Within the CLC program, aspiring principals will receive both instruction and mentoring to help them become effective instructional leaders that can support teachers and help drive student performance. For example, they will learn firsthand how to create time in the day for teachers to talk with each other and share best practices. Aspiring principals will learn the value to spending time within classrooms to identify best practices and determine areas where teachers need coaching, professional development and other supports.
During their residencies, aspiring principals will receive mentoring and coaching from high performing principals. By gaining real-world experience, aspiring principals will also learn how to create a positive school culture by effectively engaging with key stakeholders. By interacting with many different stakeholders---LSCs, parent groups, community organizations, teachers, staff, students and families---they will be better prepared to work with these groups as a new principal.
“Our end goal is to improve student achievement by giving our new principals the tools they need to succeed and supporting our existing principals in ways that help them improve student performance year after year,” Brizard added. “The best gift we can give a child is a great teacher and the best gift we can give a teacher is a great principal.”
CPS expects to determine partners by Spring 2012. Applicants would be recruited to begin a one-year program with one of several partners in June 2012. An application and screening process will explore each candidate’s education and professional abilities. Candidates will be eligible to enter CPS schools as new principals beginning in Fall 2013.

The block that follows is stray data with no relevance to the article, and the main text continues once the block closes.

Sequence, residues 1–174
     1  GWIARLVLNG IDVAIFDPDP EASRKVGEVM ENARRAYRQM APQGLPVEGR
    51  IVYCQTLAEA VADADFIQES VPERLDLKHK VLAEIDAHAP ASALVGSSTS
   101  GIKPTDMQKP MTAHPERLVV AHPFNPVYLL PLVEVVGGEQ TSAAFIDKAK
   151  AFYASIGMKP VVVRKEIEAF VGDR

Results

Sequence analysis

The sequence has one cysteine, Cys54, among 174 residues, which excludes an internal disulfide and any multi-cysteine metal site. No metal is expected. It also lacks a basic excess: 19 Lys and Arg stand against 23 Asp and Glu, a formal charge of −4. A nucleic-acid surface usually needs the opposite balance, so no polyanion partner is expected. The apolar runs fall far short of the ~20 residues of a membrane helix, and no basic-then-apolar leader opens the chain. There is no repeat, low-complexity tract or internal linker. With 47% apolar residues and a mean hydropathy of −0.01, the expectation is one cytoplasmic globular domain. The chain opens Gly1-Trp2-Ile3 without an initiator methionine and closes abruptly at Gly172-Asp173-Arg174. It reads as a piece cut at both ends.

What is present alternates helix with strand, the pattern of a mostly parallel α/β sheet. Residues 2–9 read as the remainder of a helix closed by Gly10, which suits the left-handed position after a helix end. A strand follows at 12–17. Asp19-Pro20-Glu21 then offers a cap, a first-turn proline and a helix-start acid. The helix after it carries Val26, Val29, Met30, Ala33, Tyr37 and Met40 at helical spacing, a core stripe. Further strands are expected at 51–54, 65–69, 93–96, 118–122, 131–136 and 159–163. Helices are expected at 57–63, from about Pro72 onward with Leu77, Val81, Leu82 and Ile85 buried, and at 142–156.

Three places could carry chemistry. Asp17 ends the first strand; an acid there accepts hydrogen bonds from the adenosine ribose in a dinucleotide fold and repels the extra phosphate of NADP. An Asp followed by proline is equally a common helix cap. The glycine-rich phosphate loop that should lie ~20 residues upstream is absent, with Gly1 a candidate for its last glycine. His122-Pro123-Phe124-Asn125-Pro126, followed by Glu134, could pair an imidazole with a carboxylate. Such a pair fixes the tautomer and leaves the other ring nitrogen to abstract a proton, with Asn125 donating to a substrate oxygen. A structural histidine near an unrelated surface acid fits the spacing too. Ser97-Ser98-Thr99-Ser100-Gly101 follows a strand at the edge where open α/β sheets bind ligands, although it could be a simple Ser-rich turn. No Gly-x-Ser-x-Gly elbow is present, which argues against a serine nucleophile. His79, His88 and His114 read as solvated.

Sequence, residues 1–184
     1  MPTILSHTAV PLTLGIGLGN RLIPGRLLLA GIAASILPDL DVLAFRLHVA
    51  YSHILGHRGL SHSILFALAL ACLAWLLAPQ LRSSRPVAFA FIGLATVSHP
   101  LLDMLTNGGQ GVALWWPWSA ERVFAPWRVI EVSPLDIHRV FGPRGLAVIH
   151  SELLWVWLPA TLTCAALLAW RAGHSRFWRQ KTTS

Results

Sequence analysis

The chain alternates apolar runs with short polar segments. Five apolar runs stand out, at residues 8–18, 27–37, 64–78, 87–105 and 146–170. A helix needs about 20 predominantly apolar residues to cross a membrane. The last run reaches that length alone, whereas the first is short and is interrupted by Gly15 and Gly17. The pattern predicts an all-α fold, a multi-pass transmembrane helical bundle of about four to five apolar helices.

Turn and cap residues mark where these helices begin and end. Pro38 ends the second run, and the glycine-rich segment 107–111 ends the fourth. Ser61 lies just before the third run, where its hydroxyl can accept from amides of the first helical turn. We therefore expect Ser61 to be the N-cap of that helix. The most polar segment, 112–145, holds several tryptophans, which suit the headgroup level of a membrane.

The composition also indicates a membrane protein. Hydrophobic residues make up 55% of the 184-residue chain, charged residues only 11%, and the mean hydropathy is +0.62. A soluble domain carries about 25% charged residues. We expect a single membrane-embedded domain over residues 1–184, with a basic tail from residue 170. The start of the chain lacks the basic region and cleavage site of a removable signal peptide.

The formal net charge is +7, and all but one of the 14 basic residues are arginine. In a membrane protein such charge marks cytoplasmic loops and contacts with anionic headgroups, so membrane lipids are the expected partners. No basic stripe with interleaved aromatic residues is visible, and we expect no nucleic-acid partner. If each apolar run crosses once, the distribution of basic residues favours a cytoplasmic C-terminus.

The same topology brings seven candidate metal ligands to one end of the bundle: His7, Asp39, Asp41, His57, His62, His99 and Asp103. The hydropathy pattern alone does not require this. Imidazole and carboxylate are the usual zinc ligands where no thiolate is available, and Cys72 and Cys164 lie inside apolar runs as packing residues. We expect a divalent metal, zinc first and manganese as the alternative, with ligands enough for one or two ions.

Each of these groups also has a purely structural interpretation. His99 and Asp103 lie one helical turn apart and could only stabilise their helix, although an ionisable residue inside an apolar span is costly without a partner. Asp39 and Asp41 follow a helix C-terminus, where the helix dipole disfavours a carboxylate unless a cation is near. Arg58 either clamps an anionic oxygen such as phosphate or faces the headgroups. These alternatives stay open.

To ensure that CLC develops highly effective programs, CPS will monitor the effectiveness of the CLC partner organizations including ongoing monitoring of partner. The Chicago Leadership Collaborative will be operated by CPS and the $10 million program will be funded through a combination of philanthropic donations, grants and operational funding.
The national advisory council will act as strategic partners, contributing to the development of CLC principal training and professional development programs. In addition to attending three meetings per year, members will provide advice and support for CPS staff as they develop their work throughout the year. Members will serve for up to two years and provide a wide-range of educational expertise as CPS rolls out its new vision for supporting and developing school leaders. The council will consist of:
- Paul Bambrick – Santoyo, Managing Director of Uncommon Schools Newark
- Dr. Brenda Cassellius, Minnesota State Commissioner of Education
- Zipporah Hightower, Principal, Chicago Public Schools
- Dr. Mahalia Hines, Member CPS Board of Education
- April Gobel, Executive Director, KIPP Chicago
- Jason Leahy, Executive Director, Illinois Principals Association
- Dr. Don Shalvey, Deputy Director, Bill and Melinda Gates Foundation
- Dr. Warren Simmons, Executive Director, Annenberg Institute for School Reform at Brown University
Chicago Public Schools serves 405,000 students in 675 schools. It is the nation’s third-largest school district.